The effect of sagittal hip angle on lumbar and hip coordination and pelvic posterior shift during forward bending

  • Sun-shil Shin
  • Won-gyu YooEmail author
Original Article



The purpose of this study was to investigate the effects of dynamic sagittal hip angle on lumbar and hip coordination and pelvic posterior shift during forward bending.


A total of 44 asymptomatic younger female volunteers were recruited to this study. Following measurement of trunk forward bending, participants were divided into three groups based on hip flexion angle: group 1, < 30°; group 2, ≥ 30° and < 50°; and group 3, ≥ 50°. Lumbar spine and hip coordination and pelvic backward shift were recorded during trunk forward bending using a three-dimensional ultrasonic motion analysis system.


Pelvic and total angles increased with hip angle (group 3 > group 2 > group 1; p = 0.003 and p < 0.001, respectively), whereas lumbar/hip and pelvic/hip angle ratios decreased significantly (p < 0.001). The degree of pelvic posterior shift increased to a limited extent, whereas the pelvic posterior shift/hip angle ratio decreased significantly (p < 0.05).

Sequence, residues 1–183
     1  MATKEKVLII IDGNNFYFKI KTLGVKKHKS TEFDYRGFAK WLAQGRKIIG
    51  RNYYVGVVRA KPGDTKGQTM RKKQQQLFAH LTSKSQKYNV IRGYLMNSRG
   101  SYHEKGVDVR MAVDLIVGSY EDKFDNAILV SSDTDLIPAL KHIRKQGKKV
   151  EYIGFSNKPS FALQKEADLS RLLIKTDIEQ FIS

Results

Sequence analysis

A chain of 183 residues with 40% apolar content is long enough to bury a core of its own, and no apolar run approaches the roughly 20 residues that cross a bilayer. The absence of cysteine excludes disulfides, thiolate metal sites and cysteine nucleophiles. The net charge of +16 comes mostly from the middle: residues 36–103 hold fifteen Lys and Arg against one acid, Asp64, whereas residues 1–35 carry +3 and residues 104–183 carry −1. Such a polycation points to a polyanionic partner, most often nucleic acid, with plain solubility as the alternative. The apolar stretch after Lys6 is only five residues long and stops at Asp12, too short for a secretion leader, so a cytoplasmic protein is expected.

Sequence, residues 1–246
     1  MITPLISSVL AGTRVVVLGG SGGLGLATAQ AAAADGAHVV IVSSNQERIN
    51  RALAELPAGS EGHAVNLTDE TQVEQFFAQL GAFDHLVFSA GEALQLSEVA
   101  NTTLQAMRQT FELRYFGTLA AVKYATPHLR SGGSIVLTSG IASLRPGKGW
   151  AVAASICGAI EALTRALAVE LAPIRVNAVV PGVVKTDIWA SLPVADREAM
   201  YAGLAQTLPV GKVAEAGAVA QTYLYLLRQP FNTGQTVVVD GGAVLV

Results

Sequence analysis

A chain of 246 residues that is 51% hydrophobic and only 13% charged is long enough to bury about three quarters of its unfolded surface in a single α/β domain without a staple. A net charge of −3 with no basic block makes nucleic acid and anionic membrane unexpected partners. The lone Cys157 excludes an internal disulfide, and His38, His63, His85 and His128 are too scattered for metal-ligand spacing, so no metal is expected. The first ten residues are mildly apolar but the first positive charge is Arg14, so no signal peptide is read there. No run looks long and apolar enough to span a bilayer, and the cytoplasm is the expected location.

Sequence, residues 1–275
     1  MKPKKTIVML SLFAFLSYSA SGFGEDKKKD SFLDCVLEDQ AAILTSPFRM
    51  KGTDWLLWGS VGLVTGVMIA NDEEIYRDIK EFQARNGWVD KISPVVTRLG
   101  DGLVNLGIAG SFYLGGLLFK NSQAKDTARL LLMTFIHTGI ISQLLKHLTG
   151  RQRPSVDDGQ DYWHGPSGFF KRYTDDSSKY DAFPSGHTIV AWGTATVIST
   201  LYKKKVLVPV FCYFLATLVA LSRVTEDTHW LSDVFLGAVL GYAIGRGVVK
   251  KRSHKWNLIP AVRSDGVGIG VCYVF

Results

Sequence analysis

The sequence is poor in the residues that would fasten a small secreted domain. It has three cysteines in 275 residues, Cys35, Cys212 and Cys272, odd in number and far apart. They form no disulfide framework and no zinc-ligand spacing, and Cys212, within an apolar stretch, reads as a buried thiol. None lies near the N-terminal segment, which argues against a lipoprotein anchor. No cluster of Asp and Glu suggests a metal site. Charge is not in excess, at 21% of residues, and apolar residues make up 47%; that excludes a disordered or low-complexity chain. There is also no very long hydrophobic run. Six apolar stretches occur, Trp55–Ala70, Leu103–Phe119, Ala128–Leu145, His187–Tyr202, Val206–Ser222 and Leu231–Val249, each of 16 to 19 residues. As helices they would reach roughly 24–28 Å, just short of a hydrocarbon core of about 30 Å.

Asymptomatic subjects with limited hip flexion showed reduced total pelvic anterior rotation and greater relative proportion of pelvic motion than insufficient hip motion. These subjects tended to increase the pelvic posterior shift/hip angle ratio during trunk forward bending, possibly increasing passive tension by elongating the hamstring muscles to increase hip motion. The results of this study provide information that will improve the assessment of lumbar spine and hip coordination patterns and facilitate movement strategies by determining the specific requirements of individuals.

Graphic abstract

These slides can be retrieved under Electronic Supplementary Material.


Forward bending Limited hip flexion Lumbar–hip coordination Pelvic posterior shift 



This research was supported by Basic Science Research Program through the National Research Foundation of Korea (NRF) funded by the Ministry of Education (No. 2017R1D1A1B03035485).

Compliance with ethical standards

Conflict of interest

The authors have no conflict of interest related to the present article.

Supplementary material

586_2019_6129_MOESM1_ESM.pptx (134 kb)
Supplementary file1 (PPTX 133 kb)


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Copyright information

© Springer-Verlag GmbH Germany, part of Springer Nature 2019

Authors and Affiliations

  1. 1.Department of Physical Therapy, College of Healthcare Medical Science and EngineeringINJE UniversityGimhae-siRepublic of Korea

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